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The idea that America is in danger of a “stealth Jihad” more corrosive than terrorism has been floated on the Republican campaign trail. “I believe Sharia is a mortal threat to the survival of freedom in the United States and in the world as we know it,” presidential candidate Newt Gingrich said in a July 2010 speech to the American Enterprise Institute.
In 2006, Rep. Keith Ellison (D) of Minnesota, a Muslim, sparked controversy when he demanded to be sworn in as a congressman holding a copy of the Koran. He was later photographed with former House Speaker Nancy Pelosi as both put their hands on two copies of the Koran owned by Thomas Jefferson.
But the idea that such gestures amount to evidence of so-called “creeping Sharia” in the US has been criticized by American Muslims and even counter-terrorism officials as lacking basis of fact, mirroring the unanimous view of the Tenth Circuit on Wednesday.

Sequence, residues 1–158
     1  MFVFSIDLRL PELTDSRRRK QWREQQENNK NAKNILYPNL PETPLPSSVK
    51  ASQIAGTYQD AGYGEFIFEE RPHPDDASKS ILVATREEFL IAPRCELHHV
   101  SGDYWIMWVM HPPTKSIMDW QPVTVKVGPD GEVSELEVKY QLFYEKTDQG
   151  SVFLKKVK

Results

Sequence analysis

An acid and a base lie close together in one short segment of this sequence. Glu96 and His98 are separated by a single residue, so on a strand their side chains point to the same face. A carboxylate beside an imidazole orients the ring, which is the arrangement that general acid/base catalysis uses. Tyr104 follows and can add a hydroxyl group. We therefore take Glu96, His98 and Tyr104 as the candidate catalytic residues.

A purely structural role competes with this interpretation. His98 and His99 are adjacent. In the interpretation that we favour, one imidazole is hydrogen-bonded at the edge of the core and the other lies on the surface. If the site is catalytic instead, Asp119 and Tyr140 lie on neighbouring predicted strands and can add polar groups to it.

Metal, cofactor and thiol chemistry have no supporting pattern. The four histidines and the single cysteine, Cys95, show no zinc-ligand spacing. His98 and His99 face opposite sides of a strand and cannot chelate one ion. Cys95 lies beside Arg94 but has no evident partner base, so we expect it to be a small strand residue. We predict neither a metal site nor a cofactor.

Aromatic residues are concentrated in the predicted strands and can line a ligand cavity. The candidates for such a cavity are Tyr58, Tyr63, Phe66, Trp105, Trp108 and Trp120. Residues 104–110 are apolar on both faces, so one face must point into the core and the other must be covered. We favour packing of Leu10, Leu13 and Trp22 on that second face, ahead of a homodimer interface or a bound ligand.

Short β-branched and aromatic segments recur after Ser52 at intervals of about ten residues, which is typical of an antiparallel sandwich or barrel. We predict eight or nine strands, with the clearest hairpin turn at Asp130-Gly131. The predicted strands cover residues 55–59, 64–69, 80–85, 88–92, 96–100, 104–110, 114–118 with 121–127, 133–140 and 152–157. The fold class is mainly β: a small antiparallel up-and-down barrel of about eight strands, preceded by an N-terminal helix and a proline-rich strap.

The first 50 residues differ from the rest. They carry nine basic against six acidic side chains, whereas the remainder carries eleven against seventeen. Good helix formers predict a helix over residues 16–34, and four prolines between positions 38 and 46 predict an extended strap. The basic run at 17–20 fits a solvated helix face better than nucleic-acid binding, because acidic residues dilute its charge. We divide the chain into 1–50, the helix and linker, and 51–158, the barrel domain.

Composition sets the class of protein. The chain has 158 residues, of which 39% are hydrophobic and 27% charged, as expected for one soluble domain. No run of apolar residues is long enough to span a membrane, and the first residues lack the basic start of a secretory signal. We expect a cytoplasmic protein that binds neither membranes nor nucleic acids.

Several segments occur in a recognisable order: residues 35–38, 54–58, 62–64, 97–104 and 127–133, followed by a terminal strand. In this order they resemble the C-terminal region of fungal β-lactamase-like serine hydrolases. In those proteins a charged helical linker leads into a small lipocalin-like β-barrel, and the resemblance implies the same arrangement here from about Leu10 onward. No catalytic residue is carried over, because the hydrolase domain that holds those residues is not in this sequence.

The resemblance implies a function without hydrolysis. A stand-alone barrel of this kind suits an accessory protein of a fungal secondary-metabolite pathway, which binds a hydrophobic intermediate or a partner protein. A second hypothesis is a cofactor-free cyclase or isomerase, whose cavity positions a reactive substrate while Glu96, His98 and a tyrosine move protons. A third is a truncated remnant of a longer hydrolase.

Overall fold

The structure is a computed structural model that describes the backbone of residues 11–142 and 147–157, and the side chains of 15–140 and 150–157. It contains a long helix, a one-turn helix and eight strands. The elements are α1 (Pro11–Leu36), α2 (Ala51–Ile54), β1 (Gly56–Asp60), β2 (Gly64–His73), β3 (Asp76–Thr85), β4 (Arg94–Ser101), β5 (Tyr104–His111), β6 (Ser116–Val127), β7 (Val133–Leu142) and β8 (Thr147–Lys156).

The Oklahoma law “looks to be headed toward the scrap heap of legal history, along with other dubious laws and measures that sought to solve problems that didn't exist by unlawfully classifying citizens by their religious or political beliefs,” writes the Atlantic's Andrew Cohen, in a commentary. “Sharia law bans may still be a big hit on the campaign trail. But in court they are getting trounced.”